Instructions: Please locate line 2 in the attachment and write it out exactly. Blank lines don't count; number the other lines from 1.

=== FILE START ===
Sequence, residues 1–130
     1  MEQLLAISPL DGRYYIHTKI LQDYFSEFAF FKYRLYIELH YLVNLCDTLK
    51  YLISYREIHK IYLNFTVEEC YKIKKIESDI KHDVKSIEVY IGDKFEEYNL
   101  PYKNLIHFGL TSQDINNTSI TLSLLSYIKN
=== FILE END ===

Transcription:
     1  MEQLLAISPL DGRYYIHTKI LQDYFSEFAF FKYRLYIELH YLVNLCDTLK